Monday, December 29, 2008
Sunday, December 27, 2009
- The Humbug Marsh unit is in Gibraltar and Trenton. At least half of the northernmost section was rehabilitated over the summer, and was either unvegetated or iced over, making that part quick work. I've attached a number of photos to this route, so hover over the map, and click on the first icon on the right to go into slideshow mode. We had 29 species here.
- The Gibraltar Wetlands unit is very near Humbug, behind the high school at Jefferson and Woodruff Road in Gibraltar. Since it was frozen and we only had a few birds there, I did not include this in EveryTrail.
- The Gibraltar Bay unit is the former Grosse Ile Nature Area (and a one-time Nike missile site) at the south end of Grosse Ile. We mostly went for waterfowl. 22 species.
- The Fix unit was the furthest south we traveled, and is adjacent to the Fermi nuclear power plant in Monroe Co. These old farm fields have been planted with prairie and grassland vegetation, but were unvegetated this winter. We had 15 species here, including our only Winter Wren. More info here. Walking a muddy dike at the Fix unit, with the cooling towers of the Fermi nuclear plant as a backdrop.
- The Brancheau unit is north of Fix, on the other side of Swan Creek. These fields will also be planted for wildlife. A pump system has been installed to bring in water from Lake Erie so the fields can be managed for waterfowl or shorebirds. 17 species.
- The Strong unit is just south of Pointe Mouille State Game Area. It also has old farm fields, and a large wetland bordered by dikes. The main dike is tall and grassy, with fields and woods on one side, and the wetland on the other. In many places Phragmites makes it hard to see into the wetland. We had our Fox Sparrows here, along with most of our American Tree Sparrows. We also had a Sharp-shinned Hawk, less common than Cooper's Hawks here in winter. 24 species.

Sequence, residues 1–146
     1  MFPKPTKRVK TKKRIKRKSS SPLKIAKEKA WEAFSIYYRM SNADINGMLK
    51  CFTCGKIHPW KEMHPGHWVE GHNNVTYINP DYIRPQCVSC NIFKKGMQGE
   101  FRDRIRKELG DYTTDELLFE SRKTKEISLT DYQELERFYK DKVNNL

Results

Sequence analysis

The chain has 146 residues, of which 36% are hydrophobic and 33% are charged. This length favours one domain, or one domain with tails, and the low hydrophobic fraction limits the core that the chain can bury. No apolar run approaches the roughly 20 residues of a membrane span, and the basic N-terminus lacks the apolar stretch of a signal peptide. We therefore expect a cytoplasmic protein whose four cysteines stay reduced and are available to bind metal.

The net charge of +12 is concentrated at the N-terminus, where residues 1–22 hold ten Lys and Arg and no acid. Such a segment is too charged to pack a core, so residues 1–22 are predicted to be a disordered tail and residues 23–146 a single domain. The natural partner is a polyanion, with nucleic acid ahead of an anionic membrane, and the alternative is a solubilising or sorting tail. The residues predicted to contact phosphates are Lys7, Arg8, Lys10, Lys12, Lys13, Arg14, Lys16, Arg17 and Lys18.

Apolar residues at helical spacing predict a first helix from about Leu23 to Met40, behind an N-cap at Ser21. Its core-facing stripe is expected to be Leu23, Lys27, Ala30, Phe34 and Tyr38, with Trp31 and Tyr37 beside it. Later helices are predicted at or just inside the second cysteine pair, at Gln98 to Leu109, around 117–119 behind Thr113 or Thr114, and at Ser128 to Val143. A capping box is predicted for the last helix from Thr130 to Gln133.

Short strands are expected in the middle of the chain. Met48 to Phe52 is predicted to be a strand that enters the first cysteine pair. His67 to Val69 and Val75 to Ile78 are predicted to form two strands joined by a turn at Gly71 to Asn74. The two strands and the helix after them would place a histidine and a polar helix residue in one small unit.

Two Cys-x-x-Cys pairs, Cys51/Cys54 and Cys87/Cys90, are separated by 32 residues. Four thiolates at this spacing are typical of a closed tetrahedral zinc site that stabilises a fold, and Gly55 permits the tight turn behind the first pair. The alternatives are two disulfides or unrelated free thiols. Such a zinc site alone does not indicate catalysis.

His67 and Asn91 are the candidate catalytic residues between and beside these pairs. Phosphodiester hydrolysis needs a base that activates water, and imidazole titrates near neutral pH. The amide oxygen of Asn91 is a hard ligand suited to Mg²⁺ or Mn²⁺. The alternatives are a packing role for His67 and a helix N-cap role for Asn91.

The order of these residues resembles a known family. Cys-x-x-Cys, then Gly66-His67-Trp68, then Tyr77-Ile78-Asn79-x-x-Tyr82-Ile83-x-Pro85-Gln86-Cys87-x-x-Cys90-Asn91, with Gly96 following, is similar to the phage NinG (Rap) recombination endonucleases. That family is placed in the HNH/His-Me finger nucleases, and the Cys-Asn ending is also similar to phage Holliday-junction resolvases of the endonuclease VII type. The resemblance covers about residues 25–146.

Thursday, July 1, 2021
Birder Robert (Bobby) Irwin found a Neotropic Cormorant (just assigned to a new genus, and now Nannopterum brasilianum) off Humbug Island at the Detroit River International Wildlife Refuge on 28 June 2021. The eBird checklist with photos is here. As of 19 September 2021, it was still being seen, at least sporadically.
This identification is not an easy call. I happened to have visited the Refuge the previous day, one of the first times I have returned after spending years doing bird and insect surveys for the USFWS prior to the Refuge opening to the public. Various habitat modifications have resulted in a nesting colony of Double-crested Cormorants just north of the new fishing pier, with nearly 30 nests that I could see. Most of the young have fledged, so there were dozens of cormorants in the trees, flying around, and in the water, all in various plumages. Neotropic Cormorants are smaller than Double-cresteds, have longer tails, and different plumage on the face, but these differences are not always obvious, especially when the birds are moving around or distant. Kudos to Bobby for picking this one out.
As you can see from the range map, this bird is well out of range. However, they are known to wander a lot, and there are a number of Michigan records, mostly from the past few years. In fact, there is a pair nesting at Lake St. Clair Metropark in Macomb County right now!
I have maintained a comprehensive Wayne County checklist, including historical records, for many years. By my accounting, this makes species #352 for the county, of which 9 are extirpated/extinct, hypothetical, or not "countable."